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United States Department of Agriculture

Agricultural Research Service

Research Project: FUNCTIONAL GENOMICS OF ENHANCED EMBRYO, FETAL, AND NEONATAL DEVELOPMENT AND SURVIVAL IN SWINE Title: Impact of runting on adipokine gene expression in neonatal pig adipose tissue

Authors
item Ramsay, Timothy
item Stoll, Margo
item Caperna, Thomas

Submitted to: Comparative Biochemistry and Physiology
Publication Type: Peer Reviewed Journal
Publication Acceptance Date: November 13, 2008
Publication Date: February 1, 2010
Citation: Ramsay, T.G., Stoll, M.J., Caperna, T.J. 2010. Adipokine gene transcription level in adipose tissue of runt piglets. Comparative Biochemistry and Physiology. 155(2):97-105.

Interpretive Summary: Recent studies have demonstrated that adipose tissue produces a number of cytokines, hormones and growth factors that can impact health and metabolism. These various proteins have now been grouped and are described by the name “adipokines”. These adipokines have been examined for their potential roles in humans and rodents metabolic and physiological responses to stress. A few initial studies have shown some of these adipokines are produced in swine adipose tissue. One model for stress in the pig is the small for gestational age pig, called the “runt” pig. These are pigs born at less than 1 kg birth weight, relative to normal littermate weights of 1.4 to 1.6 kg. The present study was designed to examine the change in expression of a variety of adipokines in response to the stress affecting the runt pig, relative to the normal sized littermate. This is the first study to characterize the expression of adipokines in the small for gestational age for any species during the neonatal period, a critical time for the development of adipose tissue and for the survival of the baby pig. Adipokines that were examined included leptin, adiponectin, interleukin 1ß (IL1ß), IL6, IL8, IL10, IL15, tumor necrosis factor a, haptoglobin, macrophage migration inhibitory factor, monocyte chemotactic protein 1 and vascular endothelial growth factor. The adipose tissue from neonatal pigs at the ages of 1, 7, and 21 days of age were collected and extracted for RNA content. The RNA was then used for real-time PCR to assess the relative expression of these genes during neonatal development of the adipose tissue. The development of gene expression for each adipokine varied depending upon cell type of origin, the adipose tissue location and the type of adipokine. This study provides critical information for further research to determine if these adipokine genes respond to stressors(environmental, immunological or nutritional) and what impact they might have on neonatal survival.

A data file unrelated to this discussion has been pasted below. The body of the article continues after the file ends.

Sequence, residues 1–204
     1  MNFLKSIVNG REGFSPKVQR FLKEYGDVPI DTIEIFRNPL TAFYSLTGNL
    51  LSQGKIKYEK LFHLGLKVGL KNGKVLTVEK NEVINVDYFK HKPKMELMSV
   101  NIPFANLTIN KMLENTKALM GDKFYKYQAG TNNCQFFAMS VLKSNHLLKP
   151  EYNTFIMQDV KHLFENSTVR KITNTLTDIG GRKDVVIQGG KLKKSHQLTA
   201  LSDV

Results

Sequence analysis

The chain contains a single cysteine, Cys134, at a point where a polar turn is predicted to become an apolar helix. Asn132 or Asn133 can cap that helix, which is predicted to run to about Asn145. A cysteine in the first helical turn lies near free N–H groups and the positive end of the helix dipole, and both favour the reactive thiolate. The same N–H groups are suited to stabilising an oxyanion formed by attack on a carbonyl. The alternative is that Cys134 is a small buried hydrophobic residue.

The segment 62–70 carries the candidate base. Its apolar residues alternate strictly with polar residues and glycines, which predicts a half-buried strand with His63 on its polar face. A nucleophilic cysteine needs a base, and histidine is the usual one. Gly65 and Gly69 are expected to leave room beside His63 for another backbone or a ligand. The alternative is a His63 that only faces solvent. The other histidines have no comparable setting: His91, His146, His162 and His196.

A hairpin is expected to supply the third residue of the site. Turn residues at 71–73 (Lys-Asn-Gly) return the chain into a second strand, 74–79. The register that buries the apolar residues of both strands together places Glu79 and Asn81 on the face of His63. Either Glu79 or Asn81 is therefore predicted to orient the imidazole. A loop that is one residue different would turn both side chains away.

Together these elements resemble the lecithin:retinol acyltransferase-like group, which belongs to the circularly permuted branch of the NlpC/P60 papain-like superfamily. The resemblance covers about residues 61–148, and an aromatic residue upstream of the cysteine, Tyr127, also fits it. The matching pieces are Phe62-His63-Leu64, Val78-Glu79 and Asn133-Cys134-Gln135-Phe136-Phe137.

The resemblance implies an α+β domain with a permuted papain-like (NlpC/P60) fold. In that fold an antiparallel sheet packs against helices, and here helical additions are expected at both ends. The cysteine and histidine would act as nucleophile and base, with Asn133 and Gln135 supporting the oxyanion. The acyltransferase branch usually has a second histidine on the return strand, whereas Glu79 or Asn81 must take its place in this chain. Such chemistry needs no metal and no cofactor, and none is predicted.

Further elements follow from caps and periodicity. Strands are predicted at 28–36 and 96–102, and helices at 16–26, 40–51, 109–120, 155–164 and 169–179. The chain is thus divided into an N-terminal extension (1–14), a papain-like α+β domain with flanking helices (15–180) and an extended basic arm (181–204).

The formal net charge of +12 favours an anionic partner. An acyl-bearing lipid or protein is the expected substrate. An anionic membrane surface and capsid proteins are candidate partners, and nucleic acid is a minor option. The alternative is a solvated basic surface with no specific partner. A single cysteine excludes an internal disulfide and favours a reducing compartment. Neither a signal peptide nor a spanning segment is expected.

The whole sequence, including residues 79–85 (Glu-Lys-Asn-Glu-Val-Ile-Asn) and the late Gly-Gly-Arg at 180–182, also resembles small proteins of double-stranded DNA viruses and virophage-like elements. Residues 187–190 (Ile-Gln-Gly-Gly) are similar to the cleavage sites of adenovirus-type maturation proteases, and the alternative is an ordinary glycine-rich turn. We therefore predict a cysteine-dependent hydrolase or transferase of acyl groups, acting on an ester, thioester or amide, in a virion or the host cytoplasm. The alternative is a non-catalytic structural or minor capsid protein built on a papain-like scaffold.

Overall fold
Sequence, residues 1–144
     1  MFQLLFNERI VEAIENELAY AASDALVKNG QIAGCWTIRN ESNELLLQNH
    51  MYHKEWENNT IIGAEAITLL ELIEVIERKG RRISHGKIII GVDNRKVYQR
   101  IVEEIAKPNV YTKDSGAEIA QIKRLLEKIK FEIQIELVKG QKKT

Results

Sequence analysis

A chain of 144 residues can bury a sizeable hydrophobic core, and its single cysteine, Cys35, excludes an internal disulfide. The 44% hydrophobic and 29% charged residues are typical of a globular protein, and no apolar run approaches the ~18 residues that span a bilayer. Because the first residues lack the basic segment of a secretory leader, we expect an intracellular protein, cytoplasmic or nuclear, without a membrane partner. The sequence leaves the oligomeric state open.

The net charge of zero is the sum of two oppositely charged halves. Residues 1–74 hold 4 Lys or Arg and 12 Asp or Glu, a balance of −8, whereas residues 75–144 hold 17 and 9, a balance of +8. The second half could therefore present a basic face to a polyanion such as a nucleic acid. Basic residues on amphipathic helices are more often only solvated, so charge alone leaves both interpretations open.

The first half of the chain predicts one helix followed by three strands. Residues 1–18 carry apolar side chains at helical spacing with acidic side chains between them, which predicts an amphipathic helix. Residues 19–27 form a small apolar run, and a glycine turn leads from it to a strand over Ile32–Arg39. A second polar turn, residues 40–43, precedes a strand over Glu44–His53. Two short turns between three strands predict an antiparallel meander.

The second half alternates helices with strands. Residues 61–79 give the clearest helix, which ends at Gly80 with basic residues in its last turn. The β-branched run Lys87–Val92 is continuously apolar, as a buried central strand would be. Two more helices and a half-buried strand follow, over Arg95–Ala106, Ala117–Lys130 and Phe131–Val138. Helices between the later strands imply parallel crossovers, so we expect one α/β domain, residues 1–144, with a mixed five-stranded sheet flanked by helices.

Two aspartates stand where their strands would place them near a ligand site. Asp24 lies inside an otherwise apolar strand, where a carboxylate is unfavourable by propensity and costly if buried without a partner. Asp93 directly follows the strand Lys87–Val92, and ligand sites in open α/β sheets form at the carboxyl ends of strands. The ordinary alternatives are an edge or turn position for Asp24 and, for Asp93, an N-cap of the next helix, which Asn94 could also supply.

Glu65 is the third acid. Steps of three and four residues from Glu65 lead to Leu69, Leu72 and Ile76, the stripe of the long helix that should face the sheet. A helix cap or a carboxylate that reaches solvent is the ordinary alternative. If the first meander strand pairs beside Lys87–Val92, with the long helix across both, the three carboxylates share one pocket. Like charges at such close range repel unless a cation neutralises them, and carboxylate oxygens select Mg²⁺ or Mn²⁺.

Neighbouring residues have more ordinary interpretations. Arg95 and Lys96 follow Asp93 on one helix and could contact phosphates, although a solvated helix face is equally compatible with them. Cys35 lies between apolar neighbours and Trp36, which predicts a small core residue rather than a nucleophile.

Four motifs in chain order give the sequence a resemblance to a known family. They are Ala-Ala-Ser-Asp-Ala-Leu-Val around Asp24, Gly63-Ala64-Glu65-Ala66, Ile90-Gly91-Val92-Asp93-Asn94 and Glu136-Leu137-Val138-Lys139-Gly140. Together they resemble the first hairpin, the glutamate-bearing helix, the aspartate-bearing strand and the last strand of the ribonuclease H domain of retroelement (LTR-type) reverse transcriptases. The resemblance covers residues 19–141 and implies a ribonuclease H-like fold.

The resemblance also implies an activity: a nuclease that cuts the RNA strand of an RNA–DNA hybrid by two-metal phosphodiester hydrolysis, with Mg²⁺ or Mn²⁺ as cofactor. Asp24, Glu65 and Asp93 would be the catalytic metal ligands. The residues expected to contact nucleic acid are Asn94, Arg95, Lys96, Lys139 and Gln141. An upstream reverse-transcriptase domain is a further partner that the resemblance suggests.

Technical Abstract: This study examined the effects of runting on adipokines in neonatal adipose tissue. Pigs were selected as runts (R) by birth weight < 1 kg and compared to littermates (C) of mean litter weight. Subcutaneous (SQ) and perirenal (PR) adipose tissues were collected at d1 (n = 5), d7 (n = 7) or d21 (n = 9) of age and total RNA extracted. Real-time PCR was used to quantify mRNA abundance for: leptin, adiponectin, interleukin 1ß (IL-1ß), IL-6, IL-8, IL-10, IL-15, tumor necrosis factor a, haptoglobin, macrophage migration inhibitory factor (MIF), monocyte chemotactic protein 1, vascular endothelial growth factor and cyclophilin. Runt pigs were smaller than C at all ages (P < 0.05). Leptin and adiponectin mRNA abundance were lower, while IL-1ß, IL-6, IL-10 and MIF mRNA abundance were higher in the SQ of R at d1 (P < 0.05). Leptin, IL-6, IL-10, haptoglobin and MIF gene expression were higher PR from R than C at d7 (P< 0.05) and MIF expression was elevated by 30 fold in PR of R at d21(P < 0.001). Thus, stressors placed upon the neonatal runt produce different responses in adipokine gene expression by PR and SQ than in the normal sized littermate.

Last Modified: 12/28/2014
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